October 4, 2022

Volume XII, Number 277

Advertisement

October 04, 2022

Subscribe to Latest Legal News and Analysis

October 03, 2022

Subscribe to Latest Legal News and Analysis

Do You Get a Reward for Reporting Tax Fraud?

Under certain circumstances, the information you have regarding tax fraud can be worth thousands or even millions of dollars. Reporting tax fraud can be a tricky but worthwhile undertaking. The IRS Whistleblower Program offers the opportunity to claim significant financial rewards if the information you offer leads to a successful claim.

However, the laws surrounding this process can be complex. For this reason, it is imperative to work with an IRS whistleblower attorney when reporting tax fraud.

Remember that tax fraud is more than just a mistake – it is an intentional effort to cheat the system and avoid paying into the pool of public funds that benefit all of us. Trying to avoid filing or paying a fair share of taxes reduces the amount of good that government can do and puts an unfair strain on those who do play by the rules.

What is Tax Fraud?

Tax fraud is when an individual or corporation knowingly attempts to pay less in taxes than what they owe. There are certain penalties for tax fraud, including fines, forfeitures, and even jail time.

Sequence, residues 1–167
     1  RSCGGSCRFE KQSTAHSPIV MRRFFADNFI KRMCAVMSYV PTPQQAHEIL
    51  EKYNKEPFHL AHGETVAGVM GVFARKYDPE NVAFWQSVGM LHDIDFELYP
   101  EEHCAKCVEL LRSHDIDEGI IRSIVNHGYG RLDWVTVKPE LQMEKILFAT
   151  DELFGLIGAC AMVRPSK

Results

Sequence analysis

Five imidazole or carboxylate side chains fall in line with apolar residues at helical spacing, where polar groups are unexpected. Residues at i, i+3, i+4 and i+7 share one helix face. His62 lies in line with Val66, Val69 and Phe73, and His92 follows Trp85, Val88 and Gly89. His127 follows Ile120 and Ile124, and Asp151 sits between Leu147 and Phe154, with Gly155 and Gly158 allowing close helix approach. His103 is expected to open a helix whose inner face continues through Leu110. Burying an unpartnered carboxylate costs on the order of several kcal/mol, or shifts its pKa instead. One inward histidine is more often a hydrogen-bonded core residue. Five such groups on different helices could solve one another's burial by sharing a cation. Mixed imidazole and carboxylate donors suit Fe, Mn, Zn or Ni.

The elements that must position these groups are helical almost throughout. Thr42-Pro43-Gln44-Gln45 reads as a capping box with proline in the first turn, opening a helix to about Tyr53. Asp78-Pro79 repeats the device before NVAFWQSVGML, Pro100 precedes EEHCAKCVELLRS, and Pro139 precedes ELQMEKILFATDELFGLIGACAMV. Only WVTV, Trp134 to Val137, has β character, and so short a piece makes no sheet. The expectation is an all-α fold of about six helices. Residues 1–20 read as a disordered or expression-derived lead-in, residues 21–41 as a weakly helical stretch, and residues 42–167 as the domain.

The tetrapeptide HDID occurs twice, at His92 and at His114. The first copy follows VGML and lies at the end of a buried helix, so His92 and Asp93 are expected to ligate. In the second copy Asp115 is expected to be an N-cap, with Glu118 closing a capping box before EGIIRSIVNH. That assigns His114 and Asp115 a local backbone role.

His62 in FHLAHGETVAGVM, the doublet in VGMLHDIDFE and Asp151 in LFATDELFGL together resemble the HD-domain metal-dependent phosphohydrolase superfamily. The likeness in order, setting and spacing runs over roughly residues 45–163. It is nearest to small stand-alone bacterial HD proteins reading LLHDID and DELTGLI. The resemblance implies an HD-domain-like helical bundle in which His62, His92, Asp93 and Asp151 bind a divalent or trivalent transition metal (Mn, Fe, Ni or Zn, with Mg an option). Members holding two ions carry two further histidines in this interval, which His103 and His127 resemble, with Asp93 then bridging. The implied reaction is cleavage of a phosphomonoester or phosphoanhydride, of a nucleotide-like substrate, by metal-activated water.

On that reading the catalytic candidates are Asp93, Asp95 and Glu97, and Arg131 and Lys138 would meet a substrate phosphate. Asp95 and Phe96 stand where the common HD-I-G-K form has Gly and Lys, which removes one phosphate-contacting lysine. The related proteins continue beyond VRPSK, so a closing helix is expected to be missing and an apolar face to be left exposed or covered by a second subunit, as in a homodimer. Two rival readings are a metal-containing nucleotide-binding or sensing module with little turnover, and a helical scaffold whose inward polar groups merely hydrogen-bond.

What counts as tax fraud? Some common types of tax fraud include:

  • False deductions or exemptions: Businesses may falsify their expenses in order to claim false deductions. Likewise, individuals may attempt to claim false exemptions or deductions in order to reduce their overall taxable income.

  • Failure to pay taxes: Once you have filed taxes, you must pay. Efforts to evade payment constitute fraud.

  • Failure to report all income: If someone you know keeps a secret bank account or only reports earnings from one known account on their tax forms, these are examples of fraud. Under-reporting how much you earn in an effort to reduce your tax liability is illegal.

  • Willfully failing to file a tax return: Tax returns are mandatory. If someone you know has not filed tax returns in an effort to mislead the government, this may be an example of tax fraud.

  • Fake or altered documents: Fake or altered documents are often submitted in order to support fraudulent tax filings.

  • Employment or payroll fraud: Corporations may commit employment or payroll fraud in order to pay lower taxes. If you are an employee who is being paid “off the books” or without proper documentation, you may be able to file a claim as a whistleblower.

  • Refund fraud: Claiming too much as a tax refund is another way of cheating the system.

  • Using a false social security number: Falsifying social security information on your taxes may go hand in hand with making fraudulent claims.

IRS Whistleblower Program

The IRS Whistleblower Program pays substantial monetary awards to people who help uncover tax fraud. In order to be eligible for the IRS Whistleblower Program, the fraud must:

  • Relate to a tax noncompliance matter in which the total sum involved (including penalties, interest, tax owed, or additional proceeds) exceeds $2,000,000; and

  • Relate to a taxpayer whose gross income exceeds $200,000 for at least one of the tax years in question